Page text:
Sorry if this is the wrong place to post, but the notebook forum isn't broken down quite as well as this one.
Anyway, I'm torn between two laptops that are almost exactly the same; the only differences are in size/resolution, hard drive space, and CPU.
While the smaller one has a 320 GB 5400 RPM HDD, the larger has a 500 GB 5400 RPM, but the size does not concern me much.
What concerns me is the difference in the CPUs: the smaller one has an i5-520M while the larger one has an i5-430M. For personal preference, I like the larger one more simply because I do not plan to be incredibly mobile with it and I enjoy the resolution. However, I'd be willing to make a (very slight) sacrifice and go with the other one if the processing powers of the two notebooks differed that much.
So, assuming I will be doing light gaming (WoW, Aion, maybe some FPS [but not Crysis]), how much would I be slighted by opting for the i5-430M as opposed to the i5-520M? They are only listed two spots away on notebookcheck's chart, but that is all Greek to me anyway.
The I5 430M will be plenty of power for you its only a 140 mhz difference in speed which will not be missed the max turbo on the 520 goes up a little higher but the 430 will be all you need. Now with that said what do the graphic cards look like in both them laptops thats what I would be more concerned about.
Amazingly, I went to my local Office Depot to buy a new MSI laptop ( second one and after my experience with the hardware and support dept I'd never buy another brand ) that was advertised with the 430M for $579 - what's amazing is that when I fired it up it had the 520M instead of the M430.
Using PC Wizard for all my benchmarks that 520M just blew away the scores for my severely overclocked E6550 Desktop.
Curious as to why this was so fast I went to the Intel site to compare the 2 and if you look at the comparison you'll see there are some differences between the 430 and 520 beside just clock speed.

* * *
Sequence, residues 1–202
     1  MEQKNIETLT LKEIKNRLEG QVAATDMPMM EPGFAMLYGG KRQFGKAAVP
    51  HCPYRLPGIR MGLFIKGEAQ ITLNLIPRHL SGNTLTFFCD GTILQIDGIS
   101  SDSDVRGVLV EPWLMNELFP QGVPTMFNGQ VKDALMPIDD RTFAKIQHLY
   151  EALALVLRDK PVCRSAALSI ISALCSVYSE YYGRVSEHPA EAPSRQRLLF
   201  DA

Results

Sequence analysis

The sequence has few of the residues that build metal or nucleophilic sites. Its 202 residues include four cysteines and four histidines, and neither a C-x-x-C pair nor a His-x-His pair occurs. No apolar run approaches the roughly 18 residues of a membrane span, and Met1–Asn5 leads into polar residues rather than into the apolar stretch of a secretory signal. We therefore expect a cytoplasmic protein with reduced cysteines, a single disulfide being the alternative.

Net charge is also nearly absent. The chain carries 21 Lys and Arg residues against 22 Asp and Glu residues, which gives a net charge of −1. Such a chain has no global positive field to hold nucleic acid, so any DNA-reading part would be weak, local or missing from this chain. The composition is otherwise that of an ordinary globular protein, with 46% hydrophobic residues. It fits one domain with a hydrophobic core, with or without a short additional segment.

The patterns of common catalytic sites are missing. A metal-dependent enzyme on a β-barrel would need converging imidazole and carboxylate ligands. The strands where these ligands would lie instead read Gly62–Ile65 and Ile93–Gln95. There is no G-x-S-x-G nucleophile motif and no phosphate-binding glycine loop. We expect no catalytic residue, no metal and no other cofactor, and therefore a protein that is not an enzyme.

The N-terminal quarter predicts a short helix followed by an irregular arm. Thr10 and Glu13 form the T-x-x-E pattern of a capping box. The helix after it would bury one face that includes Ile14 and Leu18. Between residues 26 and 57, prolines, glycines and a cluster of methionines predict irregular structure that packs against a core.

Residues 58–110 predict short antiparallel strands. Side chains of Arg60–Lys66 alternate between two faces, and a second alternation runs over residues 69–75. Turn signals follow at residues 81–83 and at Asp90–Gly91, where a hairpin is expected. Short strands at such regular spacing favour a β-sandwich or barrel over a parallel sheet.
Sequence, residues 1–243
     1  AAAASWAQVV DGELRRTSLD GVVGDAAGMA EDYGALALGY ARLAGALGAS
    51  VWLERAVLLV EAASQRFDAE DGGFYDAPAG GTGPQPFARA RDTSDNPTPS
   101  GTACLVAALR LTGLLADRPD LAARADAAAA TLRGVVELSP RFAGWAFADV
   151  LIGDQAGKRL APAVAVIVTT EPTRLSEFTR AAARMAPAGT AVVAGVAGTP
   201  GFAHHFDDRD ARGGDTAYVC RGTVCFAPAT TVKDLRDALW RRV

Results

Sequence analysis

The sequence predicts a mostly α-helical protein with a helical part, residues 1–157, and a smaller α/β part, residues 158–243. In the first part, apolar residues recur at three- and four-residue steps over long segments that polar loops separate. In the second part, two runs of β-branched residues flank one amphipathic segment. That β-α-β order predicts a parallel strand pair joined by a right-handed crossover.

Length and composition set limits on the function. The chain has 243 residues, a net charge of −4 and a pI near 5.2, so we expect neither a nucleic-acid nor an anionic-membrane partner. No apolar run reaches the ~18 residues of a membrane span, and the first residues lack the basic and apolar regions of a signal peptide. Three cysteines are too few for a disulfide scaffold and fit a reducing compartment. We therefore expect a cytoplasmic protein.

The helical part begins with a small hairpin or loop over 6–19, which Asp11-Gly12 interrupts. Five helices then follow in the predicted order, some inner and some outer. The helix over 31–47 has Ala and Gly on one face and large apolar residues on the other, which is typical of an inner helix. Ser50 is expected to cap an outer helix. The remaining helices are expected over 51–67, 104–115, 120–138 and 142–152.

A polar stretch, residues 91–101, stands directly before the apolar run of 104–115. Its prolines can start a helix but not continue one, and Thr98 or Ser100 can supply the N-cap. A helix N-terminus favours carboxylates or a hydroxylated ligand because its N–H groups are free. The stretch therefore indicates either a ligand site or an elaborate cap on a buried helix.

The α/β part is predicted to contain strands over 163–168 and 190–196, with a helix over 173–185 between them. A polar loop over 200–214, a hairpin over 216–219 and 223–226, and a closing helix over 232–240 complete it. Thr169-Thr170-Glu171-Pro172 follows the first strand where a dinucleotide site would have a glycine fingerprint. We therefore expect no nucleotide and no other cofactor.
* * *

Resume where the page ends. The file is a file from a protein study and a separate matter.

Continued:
That's a great comparison link and it also shows at least two new interesting technologies are supported on the i5-520m that are not on the i5-420m.
The i5-520m supports VT-d. It is a device virtualization extension. I don't claim to understand it but I know Invisible Things Labs CEO Joanna Rutkowska's alpha super secure Qubes OS uses it to isolate your wireless drivers in case of a hack. Pretty cool because the promise of that is an OS that virtualizes, sandboxes, and snapshots various virtual environments for various kinds of work. I.E. you bank with one copy of your browser in it's own virtual OS 'window' and visit less secure options like watching a video of the hacker conferences in a separate window with it's own OS and browser. Check out the offending site, then you don't even care if it gets owned you throw it away for another 'insecure browsing' level window.
Anyway that sort of security is good but what if you have a wireless or network driver hack? With VT-d my understanding is Qubes is able to sandbox the network driver piece also to protect your banking or more secure virtual environments you have setup on Qubes.
Disclaimer - they are still in alpha 2 but folks are running it...
Next is AES encryption on chip. I believe there is more on this subject here on Tom's. Suffice it to say where implemented correctly it gives a great performance boost to encrypted disk to protect laptop and other mobile data. If they keep improving TPM (or whatever they call it now), OS's like Qubes, and the CPU we should soon see a laptop that's pretty hardened for the paranoid. At least Evil Maids and Black Hatter's will have to work to pawn you...